static __inline double log1p(double x){
    if(fabs(x) > 1e-4){
        return log(1.0 + x);
    return (-0.5 * x + 1.0) * x;
static __inline float log1pf(float x){
    if(fabsf(x) > 1e-4f){
        return logf(1.0f + x);
    return (-0.5f * x + 1.0f) * x;
#define log1pl(x) log1p(x)
static __inline double log2(double x) {
    return log(x) * M_LOG2E;
static __inline float log2f(float x) {
    return logf(x) * (float)M_LOG2E;
#define log2l(x) log2(x)
#define logb(x) _logb(x)
#define logbf(x) _logb(x)
#define logbl(x) _logb(x)
// nearbyint
#define nextafter(x,y) _nextafter(x,y)
#define nextafterf(x,y) _nextafter(x,y)
// nexttoward
static __inline double rint(double x){
    const double two_to_52 = 4.5035996273704960e+15;
    double fa = fabs(x);
    if(fa >= two_to_52){
        return x;
    } else{
        return copysign(two_to_52 + fa - two_to_52, x);
static __inline float rintf(float x){
    const double two_to_52 = 4.5035996273704960e+15f;
    double fa = fabsf(x);
    if(fa >= two_to_52){
        return x;
    } else{
        return copysignf(two_to_52 + fa - two_to_52, x);
#define rintl(x) rint(x)
static __inline double remainder(double x, double y){
    return (x - ( rint(x / y) * y ));
static __inline float remainderf(float x, float y){
    return (x - ( rintf(x / y) * y ));

#define remainderl(x) remainder(x)
static __inline double remquo(double x, double y, int* q){
    double d = rint(x / y);
    q = (int)d;
    return (x - (d * y));
static __inline float remquof(float x, float y, int* q){
    float f = rintf(x / y);
    q = (int)f;
    return (x - (f * y));
#define remquo(x) remquo(x)
static __inline double round(double x){ return ((x > 0.0) ? floor(x + 0.5) : ceil(x - 0.5)); } static __inline float roundf(float x){ return ((x > 0.0f) ? floorf(x + 0.5f) : ceilf(x - 0.5f)); } #define roundl(x) round(x) // scalbn #define signbit(x) (_copysign(1.0, x) < 0) // tgamma static __inline double trunc(double x){ return (x > 0.0) ? floor(x) : ceil(x); } static __inline float truncf(float x){ return (x > 0.0f) ? floorf(x) : ceilf(x); } #define truncl(x) trunc(x) #define y0(x) _y0(x) #define y1(x) _y1(x) #define yn(x,y) _yn(x,y) static __inline long lrint(double x){ return (long)rint(x); } static __inline long lrintf(float x){ return (long)rintf(x); } define lrintl(x) lrint(x) static __inline long lround(double x){ return (long)round(x); } static __inline long lroundf(float x){ return (long)roundf(x); } #define lroundl(x) lround(x) static __inline long long llrint(double x){ return (long long)rint(x); } static __inline long long llrintf(float x){ return (long long)rintf(x); } #define llrintl(x) llrint(x) static __inline long long llround(double x){ return (long long)round(x); } static __inline long long llroundf(float x){ return (long long)roundf(x); } #define llroundl(x) llround(x) #endif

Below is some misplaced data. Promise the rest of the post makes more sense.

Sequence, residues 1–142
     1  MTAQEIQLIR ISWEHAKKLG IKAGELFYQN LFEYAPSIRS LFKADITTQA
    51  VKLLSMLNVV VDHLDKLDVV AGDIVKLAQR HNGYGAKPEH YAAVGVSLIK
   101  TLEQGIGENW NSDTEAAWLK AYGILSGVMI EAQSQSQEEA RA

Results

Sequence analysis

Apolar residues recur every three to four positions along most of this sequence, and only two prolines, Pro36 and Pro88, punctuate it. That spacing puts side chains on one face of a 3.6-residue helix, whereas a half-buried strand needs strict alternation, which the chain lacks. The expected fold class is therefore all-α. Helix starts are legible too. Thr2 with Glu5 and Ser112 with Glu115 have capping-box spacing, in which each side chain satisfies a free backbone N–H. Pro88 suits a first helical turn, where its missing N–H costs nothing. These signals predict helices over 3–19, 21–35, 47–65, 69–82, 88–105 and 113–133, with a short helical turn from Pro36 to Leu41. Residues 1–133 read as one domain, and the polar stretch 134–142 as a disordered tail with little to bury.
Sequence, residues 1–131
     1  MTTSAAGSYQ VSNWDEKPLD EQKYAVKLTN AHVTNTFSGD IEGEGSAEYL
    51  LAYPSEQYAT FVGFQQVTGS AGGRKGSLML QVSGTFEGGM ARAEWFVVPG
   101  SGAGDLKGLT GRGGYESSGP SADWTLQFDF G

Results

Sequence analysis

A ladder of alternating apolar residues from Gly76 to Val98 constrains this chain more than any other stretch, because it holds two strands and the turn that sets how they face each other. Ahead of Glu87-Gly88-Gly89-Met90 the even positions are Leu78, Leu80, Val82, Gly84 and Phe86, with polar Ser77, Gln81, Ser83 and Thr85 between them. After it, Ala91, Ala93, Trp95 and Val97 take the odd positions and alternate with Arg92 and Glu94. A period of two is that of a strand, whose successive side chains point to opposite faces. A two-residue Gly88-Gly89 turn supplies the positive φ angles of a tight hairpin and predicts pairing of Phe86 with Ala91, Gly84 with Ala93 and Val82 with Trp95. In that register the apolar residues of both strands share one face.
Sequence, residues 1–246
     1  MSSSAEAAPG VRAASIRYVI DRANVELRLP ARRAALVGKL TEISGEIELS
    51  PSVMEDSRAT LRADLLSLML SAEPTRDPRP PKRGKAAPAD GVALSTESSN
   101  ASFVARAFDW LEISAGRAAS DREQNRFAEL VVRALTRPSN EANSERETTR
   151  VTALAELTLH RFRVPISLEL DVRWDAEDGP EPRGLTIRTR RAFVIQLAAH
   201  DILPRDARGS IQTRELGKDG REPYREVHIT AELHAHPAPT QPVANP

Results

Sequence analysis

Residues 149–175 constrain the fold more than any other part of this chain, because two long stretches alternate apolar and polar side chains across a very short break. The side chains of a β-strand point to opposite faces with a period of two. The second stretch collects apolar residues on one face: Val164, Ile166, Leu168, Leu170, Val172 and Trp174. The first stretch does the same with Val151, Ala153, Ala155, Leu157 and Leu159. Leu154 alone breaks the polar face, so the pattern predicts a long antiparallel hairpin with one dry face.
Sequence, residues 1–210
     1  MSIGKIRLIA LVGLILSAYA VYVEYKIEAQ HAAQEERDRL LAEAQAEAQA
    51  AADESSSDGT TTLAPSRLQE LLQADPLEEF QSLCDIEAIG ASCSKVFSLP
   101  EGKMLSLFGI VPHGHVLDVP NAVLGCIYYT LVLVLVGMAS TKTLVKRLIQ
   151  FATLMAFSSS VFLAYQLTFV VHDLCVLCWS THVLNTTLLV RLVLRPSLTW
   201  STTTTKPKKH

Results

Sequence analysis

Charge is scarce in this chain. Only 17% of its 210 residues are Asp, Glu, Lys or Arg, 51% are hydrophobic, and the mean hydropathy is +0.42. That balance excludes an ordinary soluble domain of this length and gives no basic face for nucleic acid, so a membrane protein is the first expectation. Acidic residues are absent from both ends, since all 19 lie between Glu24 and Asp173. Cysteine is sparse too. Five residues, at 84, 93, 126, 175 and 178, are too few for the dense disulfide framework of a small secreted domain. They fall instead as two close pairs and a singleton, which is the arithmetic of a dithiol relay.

Saturday, 3 May 2014

Building FFmpeg on Windows with in-line asm and the Intel compiler (Part 3).

Previously I have posted about efforts to build FFmpeg natively under windows with inline assembly enabled and using the Intel compiler:

Building FFmpeg on Windows with in-line asm and the Intel compiler.
Building FFmpeg on Windows with in-line asm and the Intel compiler (Part 2).

After many months of patching, testing and review the current upstream FFmpeg master is now fully updated to support inline asm compilation with Intel compiler. This means that my patches do not need to be explicitly applied as now the default FFmpeg repository has been updated to include all my changes. So now those people who have access to the Intel compiler on Windows can build FFmpeg using the latest source and will automatically have all the hand-tuned assembly optimizations built in without any extra effort.

For those interested in testing it out they can grab the latest FFmpeg source from their git master. Normally FFmepg must be built through MSYS/Cygwin on Windows so if your not that way inclined you can also check out my repository which includes a copy of FFmpeg master with some additional visual studio project files added in. With these you can now compile FFmpeg natively directly through Visual Studio.

Building FFmpeg in Visual Studio.

These changes are all part of work designed to improve the state of FFmpeg on Windows. Also added to upstream FFmpeg are patches to enable OpenCL support with native win32 threads as well as several patches for dependency library linking errors (libvpx, libssh to name a few). It took a little while to get all these patches approved (asm patches to upstream libmpcodecs took a particularly long time) but as of this morning the libmpcodec changes were pulled into mainstream FFmpeg which was the last change required for full icl support. A big shout out to Michael Niedermayer for reviewing and providing useful feedback on all the patches. He was a big help in pointing me in the right direction and for spotting all my mistakes (a side affect of me writing and submitting many of the patches in the wee hours of the morning).

As always you can grab the code from my repository and feel free to post any bugs/errors you may encounter.